by Joanna Fliski
‘I have not broken your heart – you have broken it; and in breaking it, you have broken mine’: lively activities for teaching Wuthering Heights
Wuthering Heights is an epic, sweeping, iconic Gothic novel that is ideal for AS and A Level teaching. With its tragic love story, it can’t exactly be called light reading so here are some thoughtful ideas for lessons that enable students to become involved in close textual analysis through creativity and drama.
Ask students to create their own summarised version of the story in the form of a graphic novel – you might like to show some examples before starting for familiarity. This could be done on computers, through an animation programme or in a sketch book. Would they choose to keep with the gothic genre or perhaps a modern adaptation? (One of the best versions my students created was re-written in the Second World War and set in Poland with Cathy being Catholic and Heathcliff Jewish.) Allowing flair in interpretation is vital; indeed some students may prefer to address this as a comic strip. Would the imagery be dark and sombre as Bronte suggests or something entirely different? As a rough guide, I would ask them to consider which 15 key scenes they feel are the most important as well as 15 key quotations.
Key discussions whilst the task is in hand:
To prompt further analysis, you could discuss: What are the main events? Does the class collectively agree or are their different opinions? Could they cut those scenes down further, for example what are the five most crucial scenes? Which individual scene perfectly depicts the novel? Are there any scenes you think could be removed entirely? Are there any points where you disagree with the character’s responses? Are we as readers meant to sympathise with Cathy or Heathcliff?
When collecting quotes individually, in pairs or groups, ask students to discuss the following questions:
Was Cathy ‘a wild, wicked slip of a girl […] too bright for this world’?
Is this a romantic novel or a horror story?
Are we reading about love or revenge?
Which quotations stayed with you?
Can you select 15 key quotes for your graphic novel? Or one for each character?
Can you select a quotation that embodies the whole novel?
If they find this part tricky, I tend to lead with this one: ‘If you ever looked at me once with what I know is in you, I would be your slave’. Who says this and in what scene? How is this quotation problematic? Who has the power here? Why is the word ‘slave’ so important? You might like to provide quotations if you are looking at a specific element of the novel or to support less able students.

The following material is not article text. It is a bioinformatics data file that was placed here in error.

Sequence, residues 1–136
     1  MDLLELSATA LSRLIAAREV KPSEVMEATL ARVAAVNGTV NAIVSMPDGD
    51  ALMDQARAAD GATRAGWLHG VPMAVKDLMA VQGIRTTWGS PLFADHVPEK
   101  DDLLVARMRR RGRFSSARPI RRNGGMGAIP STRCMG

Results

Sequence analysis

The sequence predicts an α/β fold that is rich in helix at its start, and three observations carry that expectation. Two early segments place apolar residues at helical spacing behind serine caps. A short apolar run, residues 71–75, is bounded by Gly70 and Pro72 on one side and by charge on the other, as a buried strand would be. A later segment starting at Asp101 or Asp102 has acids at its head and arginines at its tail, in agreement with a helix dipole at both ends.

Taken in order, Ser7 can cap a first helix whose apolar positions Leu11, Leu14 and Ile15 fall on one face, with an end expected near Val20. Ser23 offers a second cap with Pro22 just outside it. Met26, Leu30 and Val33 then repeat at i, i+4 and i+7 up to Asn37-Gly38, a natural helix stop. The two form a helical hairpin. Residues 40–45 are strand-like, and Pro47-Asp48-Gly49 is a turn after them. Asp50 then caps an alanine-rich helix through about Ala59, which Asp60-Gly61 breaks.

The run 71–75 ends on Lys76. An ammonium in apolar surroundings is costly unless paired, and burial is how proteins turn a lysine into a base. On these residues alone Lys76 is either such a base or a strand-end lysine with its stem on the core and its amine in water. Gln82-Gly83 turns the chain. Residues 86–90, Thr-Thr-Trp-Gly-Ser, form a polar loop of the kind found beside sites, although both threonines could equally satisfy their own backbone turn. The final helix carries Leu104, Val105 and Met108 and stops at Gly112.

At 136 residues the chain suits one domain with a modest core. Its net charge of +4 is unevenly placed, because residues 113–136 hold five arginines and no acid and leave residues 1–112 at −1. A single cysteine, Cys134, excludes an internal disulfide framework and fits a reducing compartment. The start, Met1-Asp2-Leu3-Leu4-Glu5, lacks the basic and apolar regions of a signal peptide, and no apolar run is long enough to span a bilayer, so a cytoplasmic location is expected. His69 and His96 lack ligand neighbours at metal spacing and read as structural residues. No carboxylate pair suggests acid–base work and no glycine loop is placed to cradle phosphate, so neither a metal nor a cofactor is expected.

The graphic novel activity promotes close textual analysis, insight, familiarity with the text, characters and motive, class discussion and further insight. It is also an excellent creative revision tool.
Further discussion points or starter activities:
After students have read the scenes where Heathcliff is introduced to the Earnshaw family, can they create a soundscape of the events from Heathcliff’s point of view? Using their bodies or instruments can they create the sounds of the rain, dogs barking, the howling wind, the thudding of his heart, his breathing, the noise of the servants, ‘What’s so special about him?’, ‘I won’t have a gypsy in my house’, ‘you are a castaway’, Cathy’s voice and the fire in the hearth. Can this be layered until students can sense how overwhelmed he would be? Is he met with kindness or contempt? What would they do in his situation?
2. Adaptation analysis
Watch different film or TV adaptations of the same scene. Which do students feel is closest to the novel and why? Which shows the characters in the way they imagine them? Freeze the frame and ask them to suggest a change to the scene. Would they change the setting? Could they suggest songs for a soundtrack to the film? Are there lyrics that remind them of the characters or situations?
3. Character Jumble
Give students 15 minutes in pairs to write down the names of all the characters in the novel. Now ask them to cut up the list and put the names in the following orders:
1. the order in which the characters appear
2. the protagonists to the minor characters
3. kind and cruel characters
4. rich and poor
5. heart broken and heart breakers
6. weak and strong.
Allow students to then come up with their own categories and prompt their decisions with further questioning.
Joanna Fliski is a freelance writer, secondary English teacher and primary school teacher in Bristol